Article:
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Monthly Archive:: October 2009

Alabama and Orbits and Clothes

Matt’s back.  For your enjoyment ;) .

Heather sends me this link to a story out of Alabama. Alabama mug shot Here is the link:

http://www.waff.com/Global/story.asp?S=11259745# 

Go ahead.  Click on the link and read the story.  I’ll wait.

Christmas came early this year, thanks to Transport Canada

Combi Center DX infant seat, which detached from the base during testing resulting in a voluntary recall in Canada.

Combi Center DX, since recalled in Canada, pre-test

I’ve spent the last two weeks digging out from under all the virtual wrapping paper, under a very special early virtual Christmas tree. Our government friends here in the great white north sent us a gift that may well give your Lady Liberty a run for her money. I haven’t seen my colleagues so excited since the last release of new Britax fashions. Transport Canada is no Scrooge, that’s for sure–with a free-for-bandwidth virtual haberdashery of crash test footage now available on the government agency’s website. This isn’t the usual made in China knock-off crap, either. You won’t see mom and dad’s old Mercury Monarch rear seat bench magically propelled into a thick wall of nothingness. Nope. Unlike your Coach purse, this is the real thing. Real carseats, real vehicles. The babies are still fake, but they had to draw the line somewhere.

If you haven’t already taken a look, click away:
http://www.tc.gc.ca/eng/roadsafety/safedrivers-childsafety-programs-regulations-research-research-887.htm

Some of that crash test footage was pretty darn shocking, and I’m thinking you’re here because you don’t want your anthropomorphic test dummy’s head slamming into your vehicle’s front seats with such force that said dummy’s going to have more than just a splitting headache as a result. Either that or you’re a concerned parent, Child Passenger Safety Technician, or Children’s Restraint Technician. Perhaps you’re a member of the media reporting on the evils of child restraints and how they fail during testing–but you don’t quite know enough about carseats to really understand what all these failures mean in the real world. The real world..the real babies. The ATDs, however, come at a cost of into six figures. That’s a whole lot of in-vitro, if you went that route. ATD or the more organic version, a real live baby, we want to protect our investments…err..kids’ lives.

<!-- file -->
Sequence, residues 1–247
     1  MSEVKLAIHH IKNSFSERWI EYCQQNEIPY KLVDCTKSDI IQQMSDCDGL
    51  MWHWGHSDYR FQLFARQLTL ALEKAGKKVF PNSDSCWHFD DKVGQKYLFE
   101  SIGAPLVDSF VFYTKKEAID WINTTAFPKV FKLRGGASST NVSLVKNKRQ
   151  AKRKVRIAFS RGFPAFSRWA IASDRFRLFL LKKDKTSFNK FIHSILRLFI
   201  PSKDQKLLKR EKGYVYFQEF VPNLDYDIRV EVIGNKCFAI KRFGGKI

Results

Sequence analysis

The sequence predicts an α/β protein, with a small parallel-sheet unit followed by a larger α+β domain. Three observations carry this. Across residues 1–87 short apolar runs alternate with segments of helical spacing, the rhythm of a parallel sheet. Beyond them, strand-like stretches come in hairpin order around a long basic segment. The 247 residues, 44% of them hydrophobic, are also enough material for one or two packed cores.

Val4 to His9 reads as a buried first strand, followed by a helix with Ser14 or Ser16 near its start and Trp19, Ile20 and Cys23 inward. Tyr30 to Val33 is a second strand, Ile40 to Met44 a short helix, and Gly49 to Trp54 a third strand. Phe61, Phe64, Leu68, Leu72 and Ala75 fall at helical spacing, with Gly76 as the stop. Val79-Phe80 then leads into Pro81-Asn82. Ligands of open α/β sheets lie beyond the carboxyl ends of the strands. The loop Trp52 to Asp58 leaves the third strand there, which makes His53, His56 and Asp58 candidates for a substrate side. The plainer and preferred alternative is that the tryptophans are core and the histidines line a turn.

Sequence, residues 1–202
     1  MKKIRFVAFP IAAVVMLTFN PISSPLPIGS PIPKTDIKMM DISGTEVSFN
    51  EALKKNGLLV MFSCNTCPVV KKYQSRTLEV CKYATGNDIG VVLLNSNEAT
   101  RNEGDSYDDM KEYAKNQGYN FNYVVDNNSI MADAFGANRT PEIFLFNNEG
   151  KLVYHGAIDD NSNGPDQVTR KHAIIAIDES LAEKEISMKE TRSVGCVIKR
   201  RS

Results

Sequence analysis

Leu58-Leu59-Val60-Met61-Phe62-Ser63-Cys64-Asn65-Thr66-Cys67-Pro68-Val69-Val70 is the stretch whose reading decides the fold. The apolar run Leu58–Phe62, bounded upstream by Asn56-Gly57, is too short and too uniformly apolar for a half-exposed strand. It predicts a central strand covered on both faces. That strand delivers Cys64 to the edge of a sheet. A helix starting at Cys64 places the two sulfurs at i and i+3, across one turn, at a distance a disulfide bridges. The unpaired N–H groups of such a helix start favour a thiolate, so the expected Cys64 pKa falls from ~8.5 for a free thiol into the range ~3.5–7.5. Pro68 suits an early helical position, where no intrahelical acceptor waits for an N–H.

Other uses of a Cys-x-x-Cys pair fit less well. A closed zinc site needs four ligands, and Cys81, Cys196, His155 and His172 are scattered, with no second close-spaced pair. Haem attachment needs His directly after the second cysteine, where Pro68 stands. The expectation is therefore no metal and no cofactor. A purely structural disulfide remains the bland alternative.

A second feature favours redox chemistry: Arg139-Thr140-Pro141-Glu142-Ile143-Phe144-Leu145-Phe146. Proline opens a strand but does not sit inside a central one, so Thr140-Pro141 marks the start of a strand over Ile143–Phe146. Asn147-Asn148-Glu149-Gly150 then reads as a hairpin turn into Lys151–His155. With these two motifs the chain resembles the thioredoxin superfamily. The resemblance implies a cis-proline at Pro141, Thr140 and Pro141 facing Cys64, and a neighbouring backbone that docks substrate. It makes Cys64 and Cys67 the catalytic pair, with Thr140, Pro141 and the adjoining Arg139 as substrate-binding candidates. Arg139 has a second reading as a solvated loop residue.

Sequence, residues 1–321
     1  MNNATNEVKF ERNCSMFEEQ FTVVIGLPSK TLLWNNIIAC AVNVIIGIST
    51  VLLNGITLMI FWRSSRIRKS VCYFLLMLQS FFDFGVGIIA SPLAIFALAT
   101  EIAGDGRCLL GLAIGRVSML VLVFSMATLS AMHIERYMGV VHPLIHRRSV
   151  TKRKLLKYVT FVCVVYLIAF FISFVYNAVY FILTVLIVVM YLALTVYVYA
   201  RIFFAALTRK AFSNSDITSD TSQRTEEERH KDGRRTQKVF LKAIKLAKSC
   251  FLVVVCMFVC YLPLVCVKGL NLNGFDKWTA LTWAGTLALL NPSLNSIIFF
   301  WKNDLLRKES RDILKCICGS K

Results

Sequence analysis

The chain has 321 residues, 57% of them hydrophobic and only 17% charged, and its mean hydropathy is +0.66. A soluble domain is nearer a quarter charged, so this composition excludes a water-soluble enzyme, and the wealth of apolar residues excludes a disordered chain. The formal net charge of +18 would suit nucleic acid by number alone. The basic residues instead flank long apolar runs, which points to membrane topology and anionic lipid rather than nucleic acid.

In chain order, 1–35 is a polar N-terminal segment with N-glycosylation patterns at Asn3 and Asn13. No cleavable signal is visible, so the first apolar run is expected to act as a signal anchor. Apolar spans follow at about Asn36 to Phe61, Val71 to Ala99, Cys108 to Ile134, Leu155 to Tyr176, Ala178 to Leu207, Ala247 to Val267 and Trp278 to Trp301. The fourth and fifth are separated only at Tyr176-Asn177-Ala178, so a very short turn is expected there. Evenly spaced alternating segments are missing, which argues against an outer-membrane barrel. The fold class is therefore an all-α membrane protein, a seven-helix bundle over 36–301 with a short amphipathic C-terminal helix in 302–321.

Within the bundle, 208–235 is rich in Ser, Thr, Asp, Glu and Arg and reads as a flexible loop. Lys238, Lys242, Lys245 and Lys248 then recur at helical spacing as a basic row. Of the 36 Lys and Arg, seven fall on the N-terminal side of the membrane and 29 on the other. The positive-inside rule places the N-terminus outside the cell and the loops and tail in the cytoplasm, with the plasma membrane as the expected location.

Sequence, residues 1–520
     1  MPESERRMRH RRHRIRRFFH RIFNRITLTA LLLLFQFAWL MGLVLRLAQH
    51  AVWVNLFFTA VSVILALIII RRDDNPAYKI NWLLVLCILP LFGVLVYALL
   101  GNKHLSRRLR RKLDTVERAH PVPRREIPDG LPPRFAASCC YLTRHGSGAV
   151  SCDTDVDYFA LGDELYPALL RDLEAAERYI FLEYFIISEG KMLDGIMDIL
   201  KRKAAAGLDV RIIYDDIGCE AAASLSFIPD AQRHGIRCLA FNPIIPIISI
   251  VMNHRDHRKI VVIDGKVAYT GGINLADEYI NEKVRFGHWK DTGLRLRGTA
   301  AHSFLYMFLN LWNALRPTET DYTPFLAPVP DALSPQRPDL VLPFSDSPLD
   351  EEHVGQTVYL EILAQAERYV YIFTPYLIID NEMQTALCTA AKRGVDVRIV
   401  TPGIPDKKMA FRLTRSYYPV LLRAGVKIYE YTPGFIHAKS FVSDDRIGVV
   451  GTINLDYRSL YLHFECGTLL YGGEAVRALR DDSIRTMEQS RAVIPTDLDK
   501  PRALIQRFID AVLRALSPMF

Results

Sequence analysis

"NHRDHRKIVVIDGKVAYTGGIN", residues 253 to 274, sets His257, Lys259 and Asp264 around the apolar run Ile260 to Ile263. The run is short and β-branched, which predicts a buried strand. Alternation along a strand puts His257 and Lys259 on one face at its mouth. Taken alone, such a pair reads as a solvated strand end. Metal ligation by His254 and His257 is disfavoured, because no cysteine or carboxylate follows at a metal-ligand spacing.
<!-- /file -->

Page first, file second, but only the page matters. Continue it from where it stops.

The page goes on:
Sometimes wishes do come true

Pre-test Picture of Sunshine Kids Radian

Pre-test Picture of Sunshine Kids Radian

There’s an old adage that says “Be careful what you wish for.” I was reminded of this last week when Transport Canada followed through on the promise Transport Minister John Baird made in May 2009, and released the results of the research crash testing that Transport Canada has been doing behind closed doors since 2003.

Transport Canada NCAP Crash Tests

The big CPS-related news story of the week (and maybe even the whole month) is undoubtedly going to be the video footage of  Transport Canada’s NCAP Testing.  TC recently made the videos public and has provided us with an outstanding summary of their findings.  I commend TC for “trusting” that we can handle this.  We can handle this, right?  Honestly, I think the best way to thank them is to not freak out and make them sorry they decided to release these videos. Personally, I always hate when information is withheld from the public for fear of causing panic.  We’re all intelligent, logical and analytical. I doubt anyone who cares enough to read this blog is going to throw their child restraint away and start riding around with their kids unrestrained in a moving vehicle.  Of course you could decide never to drive anywhere again and hey, if that’s your decision, I highly recommend Lancaster County, PA (aka Dutch Amish capital of the world).  But even travel by horse and buggy with kids is risky so there’s no avoiding risk altogether.